The Norway rat is present across the United States and is the dominant pest rat species in most states. It is larger and more aggressive than the roof rat, which it displaces in temperate regions. Norway rats are adaptable to both rural and urban environments. They naturally swim well and hunt for prey animals, especially birds. As human population density increases in cities, so does the number of Norway rats since easier access to food creates smaller territories.
Norway rats prefer to nest in ground burrows. Although they can climb well, they tend to keep to the ground or the lower levels of buildings while searching for food. Because the food provided by people can be predictable, they’ll follow the same route between an established food source and their burrow until something changes. These routes can be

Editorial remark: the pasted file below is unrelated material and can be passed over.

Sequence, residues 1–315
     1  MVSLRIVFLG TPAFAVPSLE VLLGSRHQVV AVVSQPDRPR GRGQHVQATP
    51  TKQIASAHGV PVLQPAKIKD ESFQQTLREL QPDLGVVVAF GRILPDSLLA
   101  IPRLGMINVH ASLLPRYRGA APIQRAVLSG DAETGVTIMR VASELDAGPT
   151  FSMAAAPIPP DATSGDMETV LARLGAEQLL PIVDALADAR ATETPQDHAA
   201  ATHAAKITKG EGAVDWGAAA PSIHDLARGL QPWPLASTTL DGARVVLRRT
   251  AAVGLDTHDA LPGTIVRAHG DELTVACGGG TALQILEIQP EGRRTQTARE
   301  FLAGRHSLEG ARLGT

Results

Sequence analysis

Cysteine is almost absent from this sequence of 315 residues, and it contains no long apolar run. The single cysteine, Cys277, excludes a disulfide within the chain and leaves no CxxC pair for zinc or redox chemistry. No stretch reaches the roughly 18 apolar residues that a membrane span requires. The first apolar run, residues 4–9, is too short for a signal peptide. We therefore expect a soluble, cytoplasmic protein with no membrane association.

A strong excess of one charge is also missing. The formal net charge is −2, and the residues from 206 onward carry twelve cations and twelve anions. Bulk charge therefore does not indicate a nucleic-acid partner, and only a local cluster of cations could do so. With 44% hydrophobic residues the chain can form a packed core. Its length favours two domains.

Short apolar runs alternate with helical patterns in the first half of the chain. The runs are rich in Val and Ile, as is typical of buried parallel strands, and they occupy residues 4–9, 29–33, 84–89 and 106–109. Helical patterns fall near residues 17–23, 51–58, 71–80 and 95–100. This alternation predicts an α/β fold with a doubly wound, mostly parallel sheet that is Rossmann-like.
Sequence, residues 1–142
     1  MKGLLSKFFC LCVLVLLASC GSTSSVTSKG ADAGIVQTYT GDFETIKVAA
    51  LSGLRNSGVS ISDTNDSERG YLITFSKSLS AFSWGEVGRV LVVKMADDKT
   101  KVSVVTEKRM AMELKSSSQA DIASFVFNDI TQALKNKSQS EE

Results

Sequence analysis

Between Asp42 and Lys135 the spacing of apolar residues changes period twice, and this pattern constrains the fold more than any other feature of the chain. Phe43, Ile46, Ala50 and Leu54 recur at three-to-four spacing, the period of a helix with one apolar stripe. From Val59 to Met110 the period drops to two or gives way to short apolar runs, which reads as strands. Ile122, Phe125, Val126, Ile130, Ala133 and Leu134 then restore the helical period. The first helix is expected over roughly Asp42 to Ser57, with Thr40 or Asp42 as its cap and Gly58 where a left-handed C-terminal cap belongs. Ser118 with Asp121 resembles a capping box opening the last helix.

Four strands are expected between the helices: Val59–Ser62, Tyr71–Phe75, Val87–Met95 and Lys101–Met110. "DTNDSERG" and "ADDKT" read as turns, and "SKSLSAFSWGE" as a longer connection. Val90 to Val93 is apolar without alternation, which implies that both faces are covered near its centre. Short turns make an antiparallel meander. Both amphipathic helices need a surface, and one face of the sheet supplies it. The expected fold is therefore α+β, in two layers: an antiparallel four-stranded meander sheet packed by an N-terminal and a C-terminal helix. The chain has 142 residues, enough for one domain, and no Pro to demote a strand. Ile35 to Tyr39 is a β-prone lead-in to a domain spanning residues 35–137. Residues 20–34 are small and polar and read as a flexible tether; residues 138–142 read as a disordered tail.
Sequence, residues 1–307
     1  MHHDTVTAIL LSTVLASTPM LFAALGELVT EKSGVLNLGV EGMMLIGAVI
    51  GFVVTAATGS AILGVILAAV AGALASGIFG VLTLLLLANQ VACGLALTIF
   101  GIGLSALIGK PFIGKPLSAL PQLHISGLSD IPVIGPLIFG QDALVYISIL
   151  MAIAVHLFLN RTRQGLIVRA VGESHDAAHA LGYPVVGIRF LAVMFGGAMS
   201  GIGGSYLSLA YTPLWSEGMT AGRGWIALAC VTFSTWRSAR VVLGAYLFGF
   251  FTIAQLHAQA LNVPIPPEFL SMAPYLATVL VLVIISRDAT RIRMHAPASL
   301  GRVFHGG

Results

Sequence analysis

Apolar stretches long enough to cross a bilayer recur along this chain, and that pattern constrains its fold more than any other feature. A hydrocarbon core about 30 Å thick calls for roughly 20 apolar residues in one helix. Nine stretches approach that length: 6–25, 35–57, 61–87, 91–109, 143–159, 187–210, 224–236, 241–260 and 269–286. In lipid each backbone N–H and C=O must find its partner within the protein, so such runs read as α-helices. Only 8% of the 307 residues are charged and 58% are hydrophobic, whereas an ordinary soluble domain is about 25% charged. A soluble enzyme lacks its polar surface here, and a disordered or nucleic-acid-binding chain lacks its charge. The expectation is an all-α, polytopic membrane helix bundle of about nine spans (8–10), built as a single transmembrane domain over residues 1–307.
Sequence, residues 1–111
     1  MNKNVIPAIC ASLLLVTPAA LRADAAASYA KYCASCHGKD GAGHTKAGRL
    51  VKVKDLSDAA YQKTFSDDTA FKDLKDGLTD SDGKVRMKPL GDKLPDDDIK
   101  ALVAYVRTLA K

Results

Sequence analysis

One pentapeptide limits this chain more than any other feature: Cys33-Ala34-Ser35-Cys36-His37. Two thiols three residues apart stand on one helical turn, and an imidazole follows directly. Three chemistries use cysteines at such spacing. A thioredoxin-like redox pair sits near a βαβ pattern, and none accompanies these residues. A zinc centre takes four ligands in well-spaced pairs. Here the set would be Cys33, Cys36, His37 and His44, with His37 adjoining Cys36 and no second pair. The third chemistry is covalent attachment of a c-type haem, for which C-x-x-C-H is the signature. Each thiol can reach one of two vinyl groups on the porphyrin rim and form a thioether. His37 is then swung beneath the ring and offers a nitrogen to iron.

identified by their droppings, rub marks, gnawing or worn
trails through grass.
It’s important to place management efforts within 10 feet of the routes being used repeatedly by rats. Norway rats are not likely to leave routes that lead to an established food source to investigate other sources of food. Traps and stations set on or close to trails have a better chance of success. Baiting snap traps without setting them (prebaiting) can acclimate rats to the traps as well as help determine food preference if several options are provided.